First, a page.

The other day I got to wondering whether the word buddy was a corruption of the word brother. This rumination was occasioned by Tom Petty’s song, “Listen to Her Heart,” which is one long second-person address to a rival for a woman’s affections. At one point, the speaker says either “Buddy, you don’t even know here” or “Brother, you don’t even know her.” I couldn’t remember which. I talked it over with my wife, and we decided that Tom Petty was more likely to address a romantic rival as “Brother” than as “Buddy.” It just seems more Gainesville, Florida.

The fact that the two words are more or less interchangeable in that situation made me wonder whether they had a connection. Bubba is a corruption of brother. I wouldn’t be surprised if buddy turned out to have a similar origin.

You may be wondering why I wondered about these things instead of just googling them. One reason was that my phone was on the other end of the house. But another reason is that it is good (and enjoyable) to wonder—to make connections and form theories, even if they turn out to be specious, to follow rabbit trails, even if they turn out to be dead ends. The essayist Lydia Davis wrote,

Wondering means that you try to answer the question yourself first; you are more alert to picking up clues, trying to figure it out; and that means also that you will come up with various possible answers that may open yet other avenues of interest, so that the whole subject has time to expand and develop in your mind before you find the answer. 

That’s from “Thirty Recommendations for Good Writing Habits,” which you can find in Davis’s recent collectionEssays One. That essay alone is worth the price of the book.

Anyway, I eventually turned to the Google machine. I was wrong about Tom Petty. He says “Buddy, you don’t even know her,” not “Brother, you don’t even know her.” You can take the boy out of Gainesville…but he’s liable to start talking like a taxi driver.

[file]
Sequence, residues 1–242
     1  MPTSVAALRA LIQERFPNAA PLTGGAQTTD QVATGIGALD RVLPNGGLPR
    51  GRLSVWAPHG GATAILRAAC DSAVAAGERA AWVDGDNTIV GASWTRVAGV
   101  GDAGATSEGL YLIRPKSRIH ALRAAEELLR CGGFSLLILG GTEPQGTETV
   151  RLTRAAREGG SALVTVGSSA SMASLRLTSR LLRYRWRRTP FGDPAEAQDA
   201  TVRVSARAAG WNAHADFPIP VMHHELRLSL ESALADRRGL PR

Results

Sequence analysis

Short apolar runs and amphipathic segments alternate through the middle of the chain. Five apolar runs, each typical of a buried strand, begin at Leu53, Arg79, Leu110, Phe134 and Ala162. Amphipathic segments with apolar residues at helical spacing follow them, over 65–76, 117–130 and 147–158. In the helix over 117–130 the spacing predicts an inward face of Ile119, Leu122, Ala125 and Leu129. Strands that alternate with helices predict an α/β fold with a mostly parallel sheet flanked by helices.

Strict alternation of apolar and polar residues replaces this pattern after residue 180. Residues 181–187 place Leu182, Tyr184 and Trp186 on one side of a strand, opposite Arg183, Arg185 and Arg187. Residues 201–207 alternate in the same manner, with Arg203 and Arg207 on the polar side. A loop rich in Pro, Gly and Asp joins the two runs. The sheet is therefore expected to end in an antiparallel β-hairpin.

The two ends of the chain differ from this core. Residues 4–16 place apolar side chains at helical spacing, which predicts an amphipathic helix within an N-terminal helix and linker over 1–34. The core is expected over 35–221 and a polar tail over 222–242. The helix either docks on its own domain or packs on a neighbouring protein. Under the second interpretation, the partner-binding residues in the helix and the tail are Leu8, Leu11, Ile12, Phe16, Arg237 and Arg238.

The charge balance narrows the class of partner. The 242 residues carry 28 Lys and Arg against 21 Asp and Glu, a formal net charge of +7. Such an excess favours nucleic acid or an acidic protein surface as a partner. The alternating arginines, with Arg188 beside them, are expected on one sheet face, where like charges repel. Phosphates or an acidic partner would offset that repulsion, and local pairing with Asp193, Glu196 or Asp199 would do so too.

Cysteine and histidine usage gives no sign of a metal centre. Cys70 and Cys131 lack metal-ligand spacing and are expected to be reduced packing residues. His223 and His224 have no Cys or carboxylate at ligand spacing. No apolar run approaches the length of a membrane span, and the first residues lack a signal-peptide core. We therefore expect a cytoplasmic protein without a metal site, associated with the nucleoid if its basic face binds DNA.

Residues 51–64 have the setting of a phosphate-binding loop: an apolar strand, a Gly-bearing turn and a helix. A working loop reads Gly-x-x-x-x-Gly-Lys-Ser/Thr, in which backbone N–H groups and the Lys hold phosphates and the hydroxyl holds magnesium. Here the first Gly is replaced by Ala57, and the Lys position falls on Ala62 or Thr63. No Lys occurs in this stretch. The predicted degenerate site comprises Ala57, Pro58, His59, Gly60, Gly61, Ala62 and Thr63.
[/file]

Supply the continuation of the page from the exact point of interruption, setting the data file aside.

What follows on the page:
As for the origin of the word buddy, my theory turned out to be one of the acceptable theories. I’m sticking to my theory as the most likely explanation, but one of the others sent me down an etymology rabbit-hole that was pretty interesting. 

It has been suggested that buddy derives from booty fellow—”one who shares booty with others; a confederate in plundering, swindling, etc.” according to the Oxford English Dictionary (OED). That word booty has a complex and fascinating history, which I shall now try to summarize and (over)simplify. The OED’s first definition of booty is “plunder, gain, or profit acquired in common and destined to be divided among the winners,” as in war, robbery, or piracy. Its direct derivation, apparently, is from the Germanic word beute, meaning “exchange” or “trade”—which is a funny way to talk about plunder.

There is also a connection to the mostly obsolete English word boot, meaning good or advantage or bonus. One of the few ways we still use this word in this sense is in the phrase to boot—essentially, “as a bonus.” It seems likely that the word better is connected somehow, since booter would mean gooder.

In the twentieth century, the word booty took another direction that I’m not going to get into, if that’s all right with you. Instead, I want to talk about pirates.